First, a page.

Journal of Chinese Tax and Policy - Volume 2(2) August 2012

Editorial »


A Study of the Impact of Indirect Taxes on Income Distribution in Rural and Urban China

By Haifeng Nie & Ximing Yue

Abstract

We estimate the households' indirect tax incidences in rural and urban China by using microeconomic data. We find that the average ratio of tax to income is 10.6 per cent across the sample. The tax burdens are regressive in rural and urban areas. On average, the rural households' ratios of tax on income are lower than that of urban households. However, the poor pay more tax proportionally than the rich. The total inequality is marginally deteriorated by the indirect tax. The indirect taxes increase the inequality within rural and urban areas and decrease the inequality between rural and urban areas.

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On the Origin and Evolution of Tax Contracts: Types, Functions and Implementation Mechanisms

By Cai Chang

Abstract

In terms of social contract theory, tax is essentially one type of contractual relationship. This paper focuses on the origin and evolution of tax contract, taking its connotation and essence as a breakthrough point. Through scientific classification of tax contracts into statutory tax contracts and transactional ones, and intensive study into the functions and implementation mechanisms of both, this paper aims to explore theoretical values of tax contracts and establish the theoretical basis for tax contracts optimisation.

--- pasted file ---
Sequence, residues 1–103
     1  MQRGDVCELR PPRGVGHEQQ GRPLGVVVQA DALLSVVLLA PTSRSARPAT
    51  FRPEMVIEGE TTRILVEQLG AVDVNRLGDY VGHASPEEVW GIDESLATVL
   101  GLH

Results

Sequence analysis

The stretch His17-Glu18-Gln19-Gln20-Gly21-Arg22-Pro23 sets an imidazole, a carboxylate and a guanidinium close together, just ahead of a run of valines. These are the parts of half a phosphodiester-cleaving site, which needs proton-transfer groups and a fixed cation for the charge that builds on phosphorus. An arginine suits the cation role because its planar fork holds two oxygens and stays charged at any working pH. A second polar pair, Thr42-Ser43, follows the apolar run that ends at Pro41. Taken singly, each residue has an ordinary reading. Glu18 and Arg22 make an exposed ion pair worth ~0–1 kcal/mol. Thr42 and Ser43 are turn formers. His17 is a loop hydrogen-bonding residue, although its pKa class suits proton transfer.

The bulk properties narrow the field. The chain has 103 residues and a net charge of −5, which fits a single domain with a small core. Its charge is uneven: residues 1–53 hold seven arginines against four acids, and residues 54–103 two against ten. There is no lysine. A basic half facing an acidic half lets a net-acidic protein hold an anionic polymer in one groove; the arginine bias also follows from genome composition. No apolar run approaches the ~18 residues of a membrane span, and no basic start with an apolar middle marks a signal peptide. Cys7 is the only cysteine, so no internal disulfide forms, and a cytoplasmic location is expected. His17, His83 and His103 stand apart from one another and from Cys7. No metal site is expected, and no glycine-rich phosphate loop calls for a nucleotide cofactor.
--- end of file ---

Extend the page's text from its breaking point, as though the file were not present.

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Discussion Paper on China's Carbon Tax

By Jin Dongsheng

Abstract

High levels of industrial activity resulting in greenhouse gas emissions are causing climate change. These changes are likely to result in severe environmental consequences including rising sea levels, and ecological changes. There have been suggestions that China's 'carbon-based growth model' will be detrimental to its future development and transition into a civilised ecological environment. As a result carbon taxes are being introduced around the world, and one such tax is currently under consideration in China. Carbon tax policy and collection methods generally as well as China's specific example are examined and conclusions are drawn regarding temporal considerations for policy implementation in China.

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